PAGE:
The ‘Google Effect’ studies are a group of research initiatives undertaken to find out the effect internet search engines have on our memory. The phenomenon was discussed for the first time in a research paper by Betsy Sparrow, who led the study at Columbia University in collaboration with Jenny Liu from the University of Wisconsin-Madison and Lindsley professor of psychology, Daniel Wegner. The study, “Google Effects on Memory: Cognitive Consequences of Having Information at Our Fingertips,” elucidates some significant connections between the expansion of the internet and human memory.
The Internet’s growing influence over our lives and the mind-numbing speed at which information is being circulated on the web today has made it extremely easy for us to find the most inane details and facts online. However, when it comes the remembering those facts for the long term, it has been discovered that we are more likely to forget what we found out using a search engine. While the results of these studies have been groundbreaking in terms of exploring the extent of influence the web can have over our minds, they have also been challenged by researchers in the field of psychology, who believe that the evolution of human memory is a natural process, and that changes in brain function did not start with the google effect on memory; they have always been going on as we adapt to new advancements.
How is Google affecting our memories?
The Google Effect study was conducted in a series of experiments, using a combination of research techniques with the participants. In the first experiment, it was found that participants, when asked difficult questions, were likely to think of the words “Google” and “Yahoo” in response to those questions. The next two experiments aimed at testing memory – participants were asked to type out a series of easy to memorize statements and then one half was told that their work would be saved, while the other half was told their work would not be saved. It was found that the participants who were told that their work would not be saved were able to recall the statements better. The fourth experiment was an extension of memory testing as well, wherein the participants were asked to type out statements which they were told would be saved in named folders. They were then asked to recall the statements. Subsequently, they were given cues and asked to name the folder in which the statements were saved. It was found that participants were able to recall the folder names better than the statements.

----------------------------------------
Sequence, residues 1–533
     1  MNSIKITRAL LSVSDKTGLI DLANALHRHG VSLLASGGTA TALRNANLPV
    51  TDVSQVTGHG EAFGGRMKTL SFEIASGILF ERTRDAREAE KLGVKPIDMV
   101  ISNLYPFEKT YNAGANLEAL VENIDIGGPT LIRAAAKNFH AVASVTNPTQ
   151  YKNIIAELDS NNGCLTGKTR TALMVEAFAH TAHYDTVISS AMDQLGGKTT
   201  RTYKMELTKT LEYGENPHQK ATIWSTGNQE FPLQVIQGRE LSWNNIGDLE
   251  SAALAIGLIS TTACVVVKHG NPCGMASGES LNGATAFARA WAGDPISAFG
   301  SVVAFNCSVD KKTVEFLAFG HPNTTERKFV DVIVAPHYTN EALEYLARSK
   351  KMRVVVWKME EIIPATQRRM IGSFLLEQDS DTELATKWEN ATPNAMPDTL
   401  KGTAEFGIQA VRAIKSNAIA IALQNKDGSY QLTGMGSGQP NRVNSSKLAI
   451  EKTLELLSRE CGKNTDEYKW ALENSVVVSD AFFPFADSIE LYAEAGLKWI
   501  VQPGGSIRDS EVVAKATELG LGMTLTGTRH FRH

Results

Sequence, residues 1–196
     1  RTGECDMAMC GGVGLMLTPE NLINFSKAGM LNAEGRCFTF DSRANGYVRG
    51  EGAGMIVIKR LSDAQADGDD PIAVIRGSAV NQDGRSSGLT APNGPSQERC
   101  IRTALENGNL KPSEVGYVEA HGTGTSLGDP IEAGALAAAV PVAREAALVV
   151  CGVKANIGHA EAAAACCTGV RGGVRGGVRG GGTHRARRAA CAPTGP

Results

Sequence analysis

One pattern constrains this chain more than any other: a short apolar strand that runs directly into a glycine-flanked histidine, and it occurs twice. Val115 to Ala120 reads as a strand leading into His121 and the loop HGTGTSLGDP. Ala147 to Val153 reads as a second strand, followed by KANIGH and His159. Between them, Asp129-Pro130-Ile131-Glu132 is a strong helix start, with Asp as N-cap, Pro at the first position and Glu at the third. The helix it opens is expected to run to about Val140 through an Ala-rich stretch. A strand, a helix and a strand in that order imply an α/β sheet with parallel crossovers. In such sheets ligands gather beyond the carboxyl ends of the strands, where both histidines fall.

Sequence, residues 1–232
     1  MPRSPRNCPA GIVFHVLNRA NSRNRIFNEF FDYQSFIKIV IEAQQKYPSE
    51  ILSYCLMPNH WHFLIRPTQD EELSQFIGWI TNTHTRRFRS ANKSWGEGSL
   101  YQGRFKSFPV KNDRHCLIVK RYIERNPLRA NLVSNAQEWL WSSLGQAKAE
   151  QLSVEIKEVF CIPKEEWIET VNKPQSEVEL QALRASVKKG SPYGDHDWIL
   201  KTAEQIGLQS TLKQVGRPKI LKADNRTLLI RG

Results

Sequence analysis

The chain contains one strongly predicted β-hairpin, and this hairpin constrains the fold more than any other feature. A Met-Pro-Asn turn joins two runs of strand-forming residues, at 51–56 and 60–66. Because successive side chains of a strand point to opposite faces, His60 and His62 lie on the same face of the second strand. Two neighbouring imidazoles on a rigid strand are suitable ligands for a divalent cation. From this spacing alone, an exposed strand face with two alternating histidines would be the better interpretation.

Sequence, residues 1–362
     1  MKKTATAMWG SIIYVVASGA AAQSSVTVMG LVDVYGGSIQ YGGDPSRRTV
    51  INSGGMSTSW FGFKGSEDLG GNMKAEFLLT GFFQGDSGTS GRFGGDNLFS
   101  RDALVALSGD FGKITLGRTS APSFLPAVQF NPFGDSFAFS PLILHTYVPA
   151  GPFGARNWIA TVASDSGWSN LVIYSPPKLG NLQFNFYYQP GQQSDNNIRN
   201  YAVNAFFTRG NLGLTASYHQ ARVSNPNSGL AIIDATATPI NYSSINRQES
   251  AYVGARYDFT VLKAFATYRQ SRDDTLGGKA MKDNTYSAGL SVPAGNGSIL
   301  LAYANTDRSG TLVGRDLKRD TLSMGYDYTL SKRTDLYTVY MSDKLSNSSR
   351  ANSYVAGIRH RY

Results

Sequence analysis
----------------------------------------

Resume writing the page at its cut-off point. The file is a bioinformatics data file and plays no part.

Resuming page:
What do these experiments tell us? As Wegner puts it, the internet is bringing about a change in our memory compartmentalization, or the way we categorize details in our head. This memory compartmentalization is possible because of something known as transactive memory source. “[It is] this whole network of memory where you don’t have to remember everything in the world yourself. You just have to remember who knows it.” [source] The internet is now becoming a part of this very network of memory, increasing our dependence on search engines. These findings in totality have been called the “Google Effect”.
What are the implications of these findings?